Conservation Genetics

, Volume 13, Issue 2, pp 323–332 | Cite as

Population genetics of orchid bees in a fragmented tropical landscape

  • Sevan S. SuniEmail author
  • Berry J. Brosi
Research Article


The prospects for persistence of bees living in fragmented landscapes is a topic of considerable interest due to bees’ importance as pollinators of agricultural crops and wild plants, coupled with the ubiquity of native habitat loss and evidence that bees may be declining worldwide. Population persistence in fragmented areas depends on dispersal potential and maintenance of gene flow among fragments of habitat. Here we used population genetic techniques to characterize, for two equally abundant orchid bee species that differ in their physiology and ecology, levels of genetic differentiation among fragments of tropical forest in southeastern Costa Rica in a ~200 km2 landscape. We measured population differentiation with ϕPT (an analogue to the traditional summary statistic Fst), as well as two measures that may more accurately reflect the level of differentiation when highly variable loci are used: G’st and Dest. We also calculated pairwise genetic distances among individuals and conducted Mantel tests to test the correlation of genetic and geographic distance, for each species. We found strong differences in genetic structure between the species. Contrary to our expectations, each measure of genetic structure revealed that the larger-bodied species, Eulaema bombiformis, had higher levels of differentiation than the smaller species, Euglossa championi. Furthermore, for Eulaema bombiformis there was a significant positive correlation of genetic and geographic distance while for Euglossa championi there was no significant positive correlation. Our results demonstrate that bee species can have strikingly different levels of gene flow in fragmented habitats, and that body size may not always act as a useful proxy for dispersal, even in closely related taxa.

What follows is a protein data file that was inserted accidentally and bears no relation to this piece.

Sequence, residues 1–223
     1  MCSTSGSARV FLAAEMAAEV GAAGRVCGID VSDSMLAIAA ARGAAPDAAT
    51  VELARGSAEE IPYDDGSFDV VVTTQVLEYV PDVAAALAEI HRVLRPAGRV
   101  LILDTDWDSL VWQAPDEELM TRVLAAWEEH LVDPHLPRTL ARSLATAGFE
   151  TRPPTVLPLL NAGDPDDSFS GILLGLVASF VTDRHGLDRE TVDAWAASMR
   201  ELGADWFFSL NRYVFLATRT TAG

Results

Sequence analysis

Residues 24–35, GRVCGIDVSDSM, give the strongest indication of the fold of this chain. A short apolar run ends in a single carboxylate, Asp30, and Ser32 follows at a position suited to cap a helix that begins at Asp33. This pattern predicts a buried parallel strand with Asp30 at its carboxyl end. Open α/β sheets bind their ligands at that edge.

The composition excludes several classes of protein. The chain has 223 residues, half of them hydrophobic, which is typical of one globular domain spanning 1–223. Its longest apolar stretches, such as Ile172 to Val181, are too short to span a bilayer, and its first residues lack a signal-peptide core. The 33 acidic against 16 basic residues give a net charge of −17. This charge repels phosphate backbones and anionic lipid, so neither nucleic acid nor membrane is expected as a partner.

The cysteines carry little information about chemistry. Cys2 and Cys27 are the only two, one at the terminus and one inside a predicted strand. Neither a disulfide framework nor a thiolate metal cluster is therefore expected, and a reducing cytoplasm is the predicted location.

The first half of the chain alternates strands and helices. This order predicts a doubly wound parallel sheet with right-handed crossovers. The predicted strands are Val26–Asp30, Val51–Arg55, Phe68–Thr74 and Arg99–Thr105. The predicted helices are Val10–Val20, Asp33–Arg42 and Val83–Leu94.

Orchid bee Euglossine Genetic differentiation Landscape Dispersal Fragmentation 



We thank the staff at the Las Cruces Biological Station near San Vito, Costa Rica, J. Van Cleve and J. Lyons for helpful comments, M. Kaplan and the staff of University of Arizona’s genomics core facility for help with laboratory work, and T. Brookhart for fieldwork and cartographic assistance. SSS was supported by the Center for Insect Science at the University of Arizona (NIH grant 5 K12 GM000708). Original collection of the bee specimens by BJB was supported by grants to the Center for Conservation Biology at Stanford University from the Koret, McDonnell, Sherwood, and Winslow Foundations and Peter and Helen Bing. Additional fieldwork in Costa Rica by BJB was supported by the Woodruff Travel Fund of Emory University.


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Copyright information

© Springer Science+Business Media B.V. 2011

Authors and Affiliations

  1. 1.Center for Insect ScienceUniversity of ArizonaTucsonUSA
  2. 2.Department of Environmental StudiesEmory UniversityAtlantaUSA

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